Quick: When’s the last time you checked your e-mail? If you’re like most Australians, the answer is likely within the last 15 minutes — even if you’re not at work. And if you carry a PDA in your pocket, your problem is probably far worse. Some doctors estimate more than 11 million people have e-mail habits that interfere with their lives. Are you one of them?
Forming a deep relationship with your inbox can eat away at your real-life relationships — you know, the ones with your friends, kids, or significant other…those people you used to converse with face-to-face.
The good news, though, is spotting an e-addiction and correcting it isn’t too tough. First, recognize the signs:
- You check your e-mail more than once an hour, even when you aren’t on the clock.
- You look at every message that comes in, as it comes in, either at or away from the office.
- You feel the need to respond to messages instantly or within minutes of when they arrive.
- You interrupt real, in-person activities on a regular basis to deal with e-mail.
- E-mail has, in some way, interfered with your regular life — be it in the form of sleep loss, relationship troubles, stress, or any other noticeable effect.
If you’re still here and haven’t toggled windows to check your inbox, here are some tips to help curb your electronic enslavement: 1. Remember, there’s no such thing as an e-mail emergency. Remind yourself that no e-mail is going to self-destruct if you don’t read it right away. If something is incredibly urgent, the sender will call, text, or otherwise reach you. 2. Give yourself a curfew. Treat yourself like a teenager. Decide on a specific cut-off time for sending and reading messages, and stick to it. If you get home at 6, commit to shutting down the computer at 7. You’ll thank yourself in a year when your real life has returned.
3. Schedule e-mail times. Set specific times during which you’ll deal with e-mail, and don’t do it outside of those windows. Maybe it’s 10 minutes in the morning, 10 minutes at lunch, and 10 mid-afternoon. Stick to it and watch your day suddenly open up with extra time.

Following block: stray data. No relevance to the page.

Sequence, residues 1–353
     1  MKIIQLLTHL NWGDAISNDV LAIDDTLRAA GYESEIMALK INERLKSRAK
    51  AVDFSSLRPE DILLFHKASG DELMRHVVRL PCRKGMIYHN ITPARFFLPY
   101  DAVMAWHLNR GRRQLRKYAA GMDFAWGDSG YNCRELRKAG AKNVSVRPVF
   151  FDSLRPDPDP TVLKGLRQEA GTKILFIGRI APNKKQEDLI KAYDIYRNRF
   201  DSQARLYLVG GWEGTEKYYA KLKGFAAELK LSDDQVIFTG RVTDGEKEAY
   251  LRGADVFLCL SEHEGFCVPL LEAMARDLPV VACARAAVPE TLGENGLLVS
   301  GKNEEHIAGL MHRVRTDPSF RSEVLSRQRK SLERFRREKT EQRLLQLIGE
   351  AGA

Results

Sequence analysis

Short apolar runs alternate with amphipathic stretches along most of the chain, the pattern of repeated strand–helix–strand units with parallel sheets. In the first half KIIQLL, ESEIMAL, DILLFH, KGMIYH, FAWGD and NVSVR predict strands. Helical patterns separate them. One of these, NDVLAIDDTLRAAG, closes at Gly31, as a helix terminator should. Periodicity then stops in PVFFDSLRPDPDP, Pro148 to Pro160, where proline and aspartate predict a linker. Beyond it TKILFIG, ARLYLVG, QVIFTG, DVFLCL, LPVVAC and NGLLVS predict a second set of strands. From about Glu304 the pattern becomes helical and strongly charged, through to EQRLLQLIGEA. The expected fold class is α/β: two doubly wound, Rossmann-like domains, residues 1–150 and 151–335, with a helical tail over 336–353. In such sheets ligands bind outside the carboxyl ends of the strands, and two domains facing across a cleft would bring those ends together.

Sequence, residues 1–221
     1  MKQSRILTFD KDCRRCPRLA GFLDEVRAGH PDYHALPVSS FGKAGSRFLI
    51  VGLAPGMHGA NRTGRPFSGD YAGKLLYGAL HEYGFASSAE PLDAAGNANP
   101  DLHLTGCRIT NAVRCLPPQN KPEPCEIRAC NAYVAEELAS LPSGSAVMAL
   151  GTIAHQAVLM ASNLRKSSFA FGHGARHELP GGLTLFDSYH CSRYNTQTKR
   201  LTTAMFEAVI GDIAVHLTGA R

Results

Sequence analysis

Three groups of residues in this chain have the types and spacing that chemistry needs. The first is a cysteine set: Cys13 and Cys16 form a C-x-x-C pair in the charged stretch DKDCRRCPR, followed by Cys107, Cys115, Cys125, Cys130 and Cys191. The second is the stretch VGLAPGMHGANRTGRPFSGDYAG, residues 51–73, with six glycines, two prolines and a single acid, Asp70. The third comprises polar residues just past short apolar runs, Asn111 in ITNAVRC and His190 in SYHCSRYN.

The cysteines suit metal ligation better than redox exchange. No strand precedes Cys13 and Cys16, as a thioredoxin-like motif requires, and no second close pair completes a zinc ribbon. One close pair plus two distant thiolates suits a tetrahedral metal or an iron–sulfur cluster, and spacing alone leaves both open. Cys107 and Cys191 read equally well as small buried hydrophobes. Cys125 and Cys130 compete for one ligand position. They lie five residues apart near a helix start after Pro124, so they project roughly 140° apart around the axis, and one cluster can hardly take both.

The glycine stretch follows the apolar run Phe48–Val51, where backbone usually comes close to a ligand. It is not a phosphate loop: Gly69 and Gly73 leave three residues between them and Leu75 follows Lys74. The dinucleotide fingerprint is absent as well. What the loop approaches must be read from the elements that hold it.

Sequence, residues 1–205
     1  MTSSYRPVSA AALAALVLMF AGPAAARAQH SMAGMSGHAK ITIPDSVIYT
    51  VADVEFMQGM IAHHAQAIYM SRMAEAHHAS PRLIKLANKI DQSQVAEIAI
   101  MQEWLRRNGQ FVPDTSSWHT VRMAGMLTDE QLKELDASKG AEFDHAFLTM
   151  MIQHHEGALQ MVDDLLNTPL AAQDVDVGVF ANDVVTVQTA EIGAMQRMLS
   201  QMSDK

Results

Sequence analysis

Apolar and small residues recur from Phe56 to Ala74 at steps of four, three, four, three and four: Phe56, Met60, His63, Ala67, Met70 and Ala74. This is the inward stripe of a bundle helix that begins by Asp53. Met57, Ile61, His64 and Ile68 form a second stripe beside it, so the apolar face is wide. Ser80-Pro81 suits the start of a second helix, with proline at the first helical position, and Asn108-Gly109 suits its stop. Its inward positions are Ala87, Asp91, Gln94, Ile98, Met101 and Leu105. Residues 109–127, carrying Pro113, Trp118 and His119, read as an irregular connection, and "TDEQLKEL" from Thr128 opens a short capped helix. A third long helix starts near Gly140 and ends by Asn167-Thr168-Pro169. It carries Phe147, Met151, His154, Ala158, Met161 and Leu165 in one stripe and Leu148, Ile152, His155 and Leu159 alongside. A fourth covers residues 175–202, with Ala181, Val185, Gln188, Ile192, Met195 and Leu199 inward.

4. Set aside a “NO E-MAIL” day. A bigger break from the ol’ send-and-receive might just be the best thing to cure your compulsion. A once a week change in routine can help you keep things in perspective, both psychologically and biologically. “Response prevention is the thing that’s most helpful,” Dr. Robert Gore, a Beverly Hills psychologist specializing in addiction, explains. “You don’t do the thing that you find compulsively appealing. Once people learn that, their brains actually change on a biological level.” If you can’t cope with taking a full day off, try only checking your e-mail for five minutes Saturday morning — then leaving the rest of the day e-free.
5. Take a vacation. Once you’re ready to really kick things up a notch, schedule yourself a full week away from electronics. It’s just what the doctor ordered. “I think most people in the world could really benefit by having a day that’s completely free of any electronic mediation — to sort of get back to things that are more natural, more deeply fulfilling than all these electronic gadgets,” Gore says.
The final step may be the toughest of all, but it could make a world of difference: Put the damned Blackberry down. Turn your PDA off when you get home, or at least disable the instant e-mail checking function. Your messages will wait. Your life will not.
Thoughts? Questions? Shoot me an e-mail. Odds are, I’ll respond within two minutes…regardless of the time or day.
Join the CIO Australia group on LinkedIn. The group is open to CIOs, IT Directors, COOs, CTOs and senior IT managers.